"The world leaders will be confronted with our protest and our call for a peaceful world," said Attac spokeswoman Gudrun Reiss. "We're calling for massive participation."

The Berlin Anti-fascist Left group said it was sending at least 10 busloads of demonstrators.

The main demonstration begins Friday at noon in Kehl. The activists plan to march across the Rhine river into Strasbourg, with another protest planned for Saturday.

G-20 summit ends
Meanwhile, police were out in force for the G-20 summit Thursday, swarming the east London riverside site as small groups of demonstrators protested world poverty and climate change. A French daredevil scaled a London insurance building to unfurl a banner, delighting people on the ground.

At the ExCel Center in the Docklands area, where leaders of the Group of 20 financial powers held talks on the global economy, police manned barriers and checkpoints around the security perimeter, turning away anyone without accreditation within a half-mile radius. Police boats patrolled the River Thames.

Outside the summit venue, dozens demonstrated with signs that read "Stop Ethiopia from Starving."

At the Bank of England in central London, demonstrators returned to the scene of police clashes to express anger at the death of a man near a protest camp late Wednesday. The circumstances of the 47-year-old man's death were unclear.

About 100 protesters gathered near the bank Thursday, when police cordoned them off and started searching individuals. The protesters observed a minute of silence and set up a wall of condolences before yelling "Shame on you!" at police.

As the numbers of protesters shrank, police chased a small number of demonstrators to the Liverpool Street railway station, cornering them just outside. Several rows of officers closed in on the protesters, who sat down and heckled them.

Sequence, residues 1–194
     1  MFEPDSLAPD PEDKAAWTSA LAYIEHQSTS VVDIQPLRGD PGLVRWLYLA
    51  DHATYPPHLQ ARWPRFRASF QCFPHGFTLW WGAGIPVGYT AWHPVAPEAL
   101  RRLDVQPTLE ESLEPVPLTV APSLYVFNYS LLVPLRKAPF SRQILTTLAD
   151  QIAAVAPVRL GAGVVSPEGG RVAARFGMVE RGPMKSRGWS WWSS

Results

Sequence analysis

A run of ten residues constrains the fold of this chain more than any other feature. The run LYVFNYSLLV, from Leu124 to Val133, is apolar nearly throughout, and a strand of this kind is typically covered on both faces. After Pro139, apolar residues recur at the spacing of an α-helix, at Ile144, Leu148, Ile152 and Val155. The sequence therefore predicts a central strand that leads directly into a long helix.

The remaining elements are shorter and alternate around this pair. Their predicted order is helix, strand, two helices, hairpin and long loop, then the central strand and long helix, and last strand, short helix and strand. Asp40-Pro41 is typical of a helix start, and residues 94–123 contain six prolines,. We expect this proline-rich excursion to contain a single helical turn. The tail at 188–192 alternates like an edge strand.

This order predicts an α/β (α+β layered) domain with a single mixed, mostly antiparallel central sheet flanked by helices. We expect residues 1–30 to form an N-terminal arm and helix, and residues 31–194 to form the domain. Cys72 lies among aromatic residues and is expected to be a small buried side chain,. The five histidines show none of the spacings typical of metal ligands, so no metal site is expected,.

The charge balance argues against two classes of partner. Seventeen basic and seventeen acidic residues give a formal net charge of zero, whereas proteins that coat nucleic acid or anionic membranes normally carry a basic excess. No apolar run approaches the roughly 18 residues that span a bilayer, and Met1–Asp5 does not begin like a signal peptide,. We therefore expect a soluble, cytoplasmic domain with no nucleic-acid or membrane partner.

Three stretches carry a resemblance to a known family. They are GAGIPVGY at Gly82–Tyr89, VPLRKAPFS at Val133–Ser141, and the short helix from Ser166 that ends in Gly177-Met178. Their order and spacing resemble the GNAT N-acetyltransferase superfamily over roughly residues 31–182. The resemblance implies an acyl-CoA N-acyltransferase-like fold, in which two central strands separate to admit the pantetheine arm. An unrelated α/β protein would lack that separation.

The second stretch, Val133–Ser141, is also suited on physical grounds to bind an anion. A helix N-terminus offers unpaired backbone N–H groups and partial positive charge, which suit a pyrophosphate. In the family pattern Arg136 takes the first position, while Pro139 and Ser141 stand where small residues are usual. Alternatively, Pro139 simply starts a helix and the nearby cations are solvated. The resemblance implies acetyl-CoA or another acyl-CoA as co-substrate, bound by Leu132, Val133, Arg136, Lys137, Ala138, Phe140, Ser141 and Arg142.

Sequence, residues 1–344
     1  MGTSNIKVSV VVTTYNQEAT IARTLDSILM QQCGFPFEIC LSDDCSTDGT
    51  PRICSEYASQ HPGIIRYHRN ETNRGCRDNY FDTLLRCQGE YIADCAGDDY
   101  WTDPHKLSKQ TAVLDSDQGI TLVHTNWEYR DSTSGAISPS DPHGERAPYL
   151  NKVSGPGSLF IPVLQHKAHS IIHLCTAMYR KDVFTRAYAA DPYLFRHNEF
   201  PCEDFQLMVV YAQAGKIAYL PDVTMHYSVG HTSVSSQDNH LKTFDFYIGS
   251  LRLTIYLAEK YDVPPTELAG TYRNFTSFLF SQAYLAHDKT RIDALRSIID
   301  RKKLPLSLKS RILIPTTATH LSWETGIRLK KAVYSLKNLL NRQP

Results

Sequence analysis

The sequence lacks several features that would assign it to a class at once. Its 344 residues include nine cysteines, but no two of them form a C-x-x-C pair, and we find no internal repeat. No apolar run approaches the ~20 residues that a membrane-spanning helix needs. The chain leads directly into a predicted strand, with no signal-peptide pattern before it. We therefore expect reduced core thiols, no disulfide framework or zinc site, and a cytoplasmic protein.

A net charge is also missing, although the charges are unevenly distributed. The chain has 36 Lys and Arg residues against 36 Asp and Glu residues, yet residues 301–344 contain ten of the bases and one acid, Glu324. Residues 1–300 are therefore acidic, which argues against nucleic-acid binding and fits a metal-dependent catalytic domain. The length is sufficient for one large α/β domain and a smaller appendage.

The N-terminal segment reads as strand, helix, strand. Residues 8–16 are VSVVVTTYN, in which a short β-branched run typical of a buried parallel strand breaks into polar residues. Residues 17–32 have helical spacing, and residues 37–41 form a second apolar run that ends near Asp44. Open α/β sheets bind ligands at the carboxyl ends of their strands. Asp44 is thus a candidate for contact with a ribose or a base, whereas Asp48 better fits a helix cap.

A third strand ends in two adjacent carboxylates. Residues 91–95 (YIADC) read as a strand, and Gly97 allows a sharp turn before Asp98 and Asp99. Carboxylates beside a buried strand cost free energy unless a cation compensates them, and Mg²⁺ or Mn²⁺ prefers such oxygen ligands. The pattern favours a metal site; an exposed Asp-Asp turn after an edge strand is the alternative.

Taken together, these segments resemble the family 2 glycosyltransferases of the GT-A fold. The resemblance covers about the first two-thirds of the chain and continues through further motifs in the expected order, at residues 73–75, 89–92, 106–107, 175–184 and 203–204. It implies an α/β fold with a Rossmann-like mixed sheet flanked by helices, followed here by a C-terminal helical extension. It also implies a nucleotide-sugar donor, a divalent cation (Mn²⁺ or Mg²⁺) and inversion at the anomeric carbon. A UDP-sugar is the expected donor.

Daredevil scales high-rise
Earlier Thursday, French daredevil Alain Robert scaled Lloyds of London's high-rise headquarters as office workers gathered below to snap photos.

Image: French extreme climber Alain Robert
Sang Tan  /  AP
French extreme climber Alain Robert unfurls a banner, unseen at right, as workers ascend in a lift, at left, during his protest climb of the Lloyd's of London building to call for awareness of climate change.

Robert, dubbed the French Spider-man, has scaled dozens of tall structures around the world without ropes or harnesses as part of a campaign to draw attention to global warming. He unfurled another climate-change banner in his climb Thursday, before later being led away by police.

Other protesters sat and played a giant Monopoly game near the London Stock Exchange.

"The question is of course who has got the monopoly? It is fairly obvious the G-20 are the global financial elite," said protester Clare Smith, 27.

"Meanwhile the poor are getting poorer and that has even started to show in this country, but has obviously been going on across the world for some time," she said.

Police said there had been 111 arrests so far, most of them Wednesday, when some protesters broke into the Royal Bank of Scotland building and vandalized the Bank of England building.